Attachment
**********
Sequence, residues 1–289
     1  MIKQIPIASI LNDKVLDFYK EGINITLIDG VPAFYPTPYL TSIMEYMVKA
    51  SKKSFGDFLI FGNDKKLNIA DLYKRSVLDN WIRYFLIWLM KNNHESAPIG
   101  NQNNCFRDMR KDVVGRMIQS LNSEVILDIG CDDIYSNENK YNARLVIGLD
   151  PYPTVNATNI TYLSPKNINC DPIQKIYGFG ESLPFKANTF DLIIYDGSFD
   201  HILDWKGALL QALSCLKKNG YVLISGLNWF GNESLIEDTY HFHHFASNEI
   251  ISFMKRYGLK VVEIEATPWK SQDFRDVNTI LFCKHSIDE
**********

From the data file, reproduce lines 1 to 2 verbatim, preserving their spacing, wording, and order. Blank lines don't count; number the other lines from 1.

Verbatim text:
Sequence, residues 1–289
     1  MIKQIPIASI LNDKVLDFYK EGINITLIDG VPAFYPTPYL TSIMEYMVKA